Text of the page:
In movies like Taxi Driver and Bringing Out the Dead, Scorsese makes it all look so majestic: The shine of the wet blacktop and sidewalk acts like a mirror, creating a double of every neon sign and stoplight along the stretch of a Manhattan street. In reality the city is not that sexy, and in places like the buzzing Koreatown, the truth is a lot fouler: The city’s not slick with water, in fact the sheen comes from a mix of trash juice and about 1,000 more unnamed discarded liquids.

CREEM is standing in just such an urban cocktail on 32nd Street, sandwiched between towering garbage bags and other groups waiting to be seated at a restaurant, when we finally meet up with Australia’s Speed for dinner at a Korean BBQ spot. This will be the last activity of the day for the band, who landed at seven this morning after 20-plus hours on a plane, so while I can tell they’re hyped to get some meats-over-flame, I can also sense that their energy is dissipating and that our window of full attention is rapidly closing.

Considering the band’s reputation as a high-octane, jaw-clenching hardcore outfit, they must have really gone through the wringer. The Sydney-based quintet first came into the wider consciousness in 2019 with their re-pressed demo exploding during the dawn of COVID. Mixing the fury of ’90s mid-paced hardcore, the vein-bulging terror associated with Infest, and the nihilism of favorites like Crossed Out, the band exploded with a series of music videos, an early EP, and finally the Gang Called SpeedEP, which turned the hardcore world upside down. In an age where all anyone wanted to do was mosh it up (see: Trump administration, BLM, COVID, general malaise), Speed provided an avenue for that.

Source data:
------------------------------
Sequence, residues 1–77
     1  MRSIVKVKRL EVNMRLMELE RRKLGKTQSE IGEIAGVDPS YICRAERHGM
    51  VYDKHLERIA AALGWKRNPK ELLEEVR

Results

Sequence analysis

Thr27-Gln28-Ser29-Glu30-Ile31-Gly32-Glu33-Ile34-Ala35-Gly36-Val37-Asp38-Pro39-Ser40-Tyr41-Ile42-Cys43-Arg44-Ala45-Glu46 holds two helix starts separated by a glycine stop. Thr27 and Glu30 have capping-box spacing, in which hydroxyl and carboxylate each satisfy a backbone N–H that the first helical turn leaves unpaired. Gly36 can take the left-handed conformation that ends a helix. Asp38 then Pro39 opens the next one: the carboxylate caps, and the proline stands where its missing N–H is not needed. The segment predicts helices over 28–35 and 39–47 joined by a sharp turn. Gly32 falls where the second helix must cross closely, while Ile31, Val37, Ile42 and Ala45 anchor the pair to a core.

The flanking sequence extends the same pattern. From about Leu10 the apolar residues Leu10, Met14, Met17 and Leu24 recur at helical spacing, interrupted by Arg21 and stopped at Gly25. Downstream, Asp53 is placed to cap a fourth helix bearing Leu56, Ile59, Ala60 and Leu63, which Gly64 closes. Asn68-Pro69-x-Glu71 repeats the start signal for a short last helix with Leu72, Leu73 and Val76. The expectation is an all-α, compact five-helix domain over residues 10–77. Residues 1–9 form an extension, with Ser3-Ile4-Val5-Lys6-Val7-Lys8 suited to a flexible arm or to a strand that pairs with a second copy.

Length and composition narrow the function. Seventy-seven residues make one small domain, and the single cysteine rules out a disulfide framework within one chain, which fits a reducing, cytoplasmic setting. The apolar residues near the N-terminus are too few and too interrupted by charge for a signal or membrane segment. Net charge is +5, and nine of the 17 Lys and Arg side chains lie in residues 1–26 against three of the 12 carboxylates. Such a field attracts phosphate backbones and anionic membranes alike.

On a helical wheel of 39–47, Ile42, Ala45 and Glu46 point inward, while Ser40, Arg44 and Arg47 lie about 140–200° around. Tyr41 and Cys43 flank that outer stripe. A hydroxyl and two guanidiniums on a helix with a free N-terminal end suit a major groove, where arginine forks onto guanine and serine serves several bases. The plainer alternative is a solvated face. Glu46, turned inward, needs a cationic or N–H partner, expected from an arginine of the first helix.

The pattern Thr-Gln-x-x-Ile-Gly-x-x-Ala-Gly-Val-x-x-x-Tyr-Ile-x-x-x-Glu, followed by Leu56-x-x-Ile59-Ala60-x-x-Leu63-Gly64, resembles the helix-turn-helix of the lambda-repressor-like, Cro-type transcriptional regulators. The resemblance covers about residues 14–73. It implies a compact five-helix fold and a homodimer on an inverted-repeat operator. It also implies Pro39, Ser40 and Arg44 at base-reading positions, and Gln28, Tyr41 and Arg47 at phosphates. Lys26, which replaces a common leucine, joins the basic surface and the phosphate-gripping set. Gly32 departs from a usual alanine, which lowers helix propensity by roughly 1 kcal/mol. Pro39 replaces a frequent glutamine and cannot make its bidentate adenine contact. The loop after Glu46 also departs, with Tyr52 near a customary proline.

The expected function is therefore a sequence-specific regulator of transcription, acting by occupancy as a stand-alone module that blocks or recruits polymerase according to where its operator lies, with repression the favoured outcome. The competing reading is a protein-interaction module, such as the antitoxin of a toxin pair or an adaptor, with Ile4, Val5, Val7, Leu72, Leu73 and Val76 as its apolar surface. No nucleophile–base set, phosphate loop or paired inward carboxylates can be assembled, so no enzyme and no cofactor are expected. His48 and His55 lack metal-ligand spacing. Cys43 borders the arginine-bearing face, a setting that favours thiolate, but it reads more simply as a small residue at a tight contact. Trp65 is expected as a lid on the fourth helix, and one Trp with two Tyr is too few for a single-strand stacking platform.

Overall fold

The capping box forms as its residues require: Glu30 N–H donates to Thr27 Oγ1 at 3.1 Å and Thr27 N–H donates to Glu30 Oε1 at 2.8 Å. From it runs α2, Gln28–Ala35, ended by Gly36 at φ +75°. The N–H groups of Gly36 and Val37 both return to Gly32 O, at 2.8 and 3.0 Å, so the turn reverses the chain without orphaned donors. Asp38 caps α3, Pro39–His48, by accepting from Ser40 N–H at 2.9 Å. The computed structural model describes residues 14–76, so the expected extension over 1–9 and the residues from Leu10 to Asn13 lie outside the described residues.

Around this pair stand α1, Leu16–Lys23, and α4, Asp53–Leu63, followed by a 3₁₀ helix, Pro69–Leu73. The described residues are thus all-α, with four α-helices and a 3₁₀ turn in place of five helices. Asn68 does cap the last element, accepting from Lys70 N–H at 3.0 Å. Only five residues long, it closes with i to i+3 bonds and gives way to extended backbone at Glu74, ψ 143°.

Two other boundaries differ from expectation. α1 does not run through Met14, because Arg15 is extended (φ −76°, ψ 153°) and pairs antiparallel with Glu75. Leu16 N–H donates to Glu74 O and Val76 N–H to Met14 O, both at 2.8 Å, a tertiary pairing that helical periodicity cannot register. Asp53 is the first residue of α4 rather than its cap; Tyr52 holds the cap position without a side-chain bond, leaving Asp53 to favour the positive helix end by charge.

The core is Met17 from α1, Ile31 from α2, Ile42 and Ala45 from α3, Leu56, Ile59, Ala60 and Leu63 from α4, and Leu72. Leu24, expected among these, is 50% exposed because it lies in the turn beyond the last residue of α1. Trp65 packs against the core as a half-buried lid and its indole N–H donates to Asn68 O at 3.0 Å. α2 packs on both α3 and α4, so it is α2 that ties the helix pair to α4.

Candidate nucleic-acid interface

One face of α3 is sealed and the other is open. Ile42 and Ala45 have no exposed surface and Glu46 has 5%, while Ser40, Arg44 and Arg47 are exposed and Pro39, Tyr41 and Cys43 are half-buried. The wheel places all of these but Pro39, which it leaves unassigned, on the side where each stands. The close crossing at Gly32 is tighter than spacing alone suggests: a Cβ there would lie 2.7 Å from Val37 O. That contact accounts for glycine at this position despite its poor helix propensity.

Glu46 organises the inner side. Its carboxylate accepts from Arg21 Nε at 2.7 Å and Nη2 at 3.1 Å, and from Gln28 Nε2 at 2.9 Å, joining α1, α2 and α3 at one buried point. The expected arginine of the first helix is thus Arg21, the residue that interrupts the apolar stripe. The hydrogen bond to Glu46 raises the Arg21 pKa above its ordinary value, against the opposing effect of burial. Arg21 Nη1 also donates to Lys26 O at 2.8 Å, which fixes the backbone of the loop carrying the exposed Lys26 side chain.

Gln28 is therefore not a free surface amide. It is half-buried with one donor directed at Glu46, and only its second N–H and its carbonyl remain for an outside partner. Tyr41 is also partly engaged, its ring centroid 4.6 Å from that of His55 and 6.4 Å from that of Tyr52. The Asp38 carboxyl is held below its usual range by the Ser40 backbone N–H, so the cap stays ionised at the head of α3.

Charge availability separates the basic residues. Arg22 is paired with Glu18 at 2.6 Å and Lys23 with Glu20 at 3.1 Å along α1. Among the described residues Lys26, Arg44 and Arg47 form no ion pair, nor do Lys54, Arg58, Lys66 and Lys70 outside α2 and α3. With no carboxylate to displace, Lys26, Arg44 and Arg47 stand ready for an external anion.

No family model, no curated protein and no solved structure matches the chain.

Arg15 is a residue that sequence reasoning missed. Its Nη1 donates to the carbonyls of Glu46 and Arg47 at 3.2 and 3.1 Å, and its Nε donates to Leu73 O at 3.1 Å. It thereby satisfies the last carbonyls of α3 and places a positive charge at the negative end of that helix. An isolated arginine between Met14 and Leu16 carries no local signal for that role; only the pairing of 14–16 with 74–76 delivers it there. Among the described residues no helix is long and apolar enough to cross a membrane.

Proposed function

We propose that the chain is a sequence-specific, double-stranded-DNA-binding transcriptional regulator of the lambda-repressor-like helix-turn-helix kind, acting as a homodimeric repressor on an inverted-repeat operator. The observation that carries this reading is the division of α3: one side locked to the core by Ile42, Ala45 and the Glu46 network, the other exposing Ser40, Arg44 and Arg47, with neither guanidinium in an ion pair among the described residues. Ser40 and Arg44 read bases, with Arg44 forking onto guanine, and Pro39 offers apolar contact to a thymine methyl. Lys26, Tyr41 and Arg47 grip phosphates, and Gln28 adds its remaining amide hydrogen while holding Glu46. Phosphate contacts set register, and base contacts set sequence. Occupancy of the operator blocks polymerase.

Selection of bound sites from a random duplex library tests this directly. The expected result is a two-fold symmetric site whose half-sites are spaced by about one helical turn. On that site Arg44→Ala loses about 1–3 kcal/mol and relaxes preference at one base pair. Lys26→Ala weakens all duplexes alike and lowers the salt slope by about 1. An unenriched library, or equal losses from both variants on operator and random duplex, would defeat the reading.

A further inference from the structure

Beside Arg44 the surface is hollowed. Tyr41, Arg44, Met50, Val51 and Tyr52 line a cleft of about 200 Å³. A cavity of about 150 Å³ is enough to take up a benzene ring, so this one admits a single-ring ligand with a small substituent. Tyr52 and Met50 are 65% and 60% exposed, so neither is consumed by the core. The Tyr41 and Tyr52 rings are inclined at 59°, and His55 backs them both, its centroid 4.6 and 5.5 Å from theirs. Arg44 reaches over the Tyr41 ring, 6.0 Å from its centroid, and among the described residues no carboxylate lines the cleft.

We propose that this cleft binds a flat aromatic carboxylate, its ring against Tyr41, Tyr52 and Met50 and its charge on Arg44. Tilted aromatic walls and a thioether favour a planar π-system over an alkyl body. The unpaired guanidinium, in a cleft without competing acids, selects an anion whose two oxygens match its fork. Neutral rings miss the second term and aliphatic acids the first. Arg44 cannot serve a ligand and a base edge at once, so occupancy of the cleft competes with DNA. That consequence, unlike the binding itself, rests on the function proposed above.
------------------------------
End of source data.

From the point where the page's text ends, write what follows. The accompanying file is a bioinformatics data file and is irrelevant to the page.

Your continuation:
And tonight, the anticipation is at an all-time high—for the band to play their first East Coast gigs, and for the near mountain of Korean ribs—as we sit down across theopen flame, surrounded by an array of banchan (Korean mini-apps and side dishes). For the record, CREEM’s mind wasn’t so much on the tteokbokki or the japchae but on Speed’s ability to capture the hardcore crowd so quickly and completely—and their future in an ever-changing genre. But instead of getting boasts about the past and big talk about what’s to come, we found ourselves dining with a group of humble, centered individuals. If they weren’t so goddamn sweet and sincere, it would have had me blasting my kimchi over every inch of the table.


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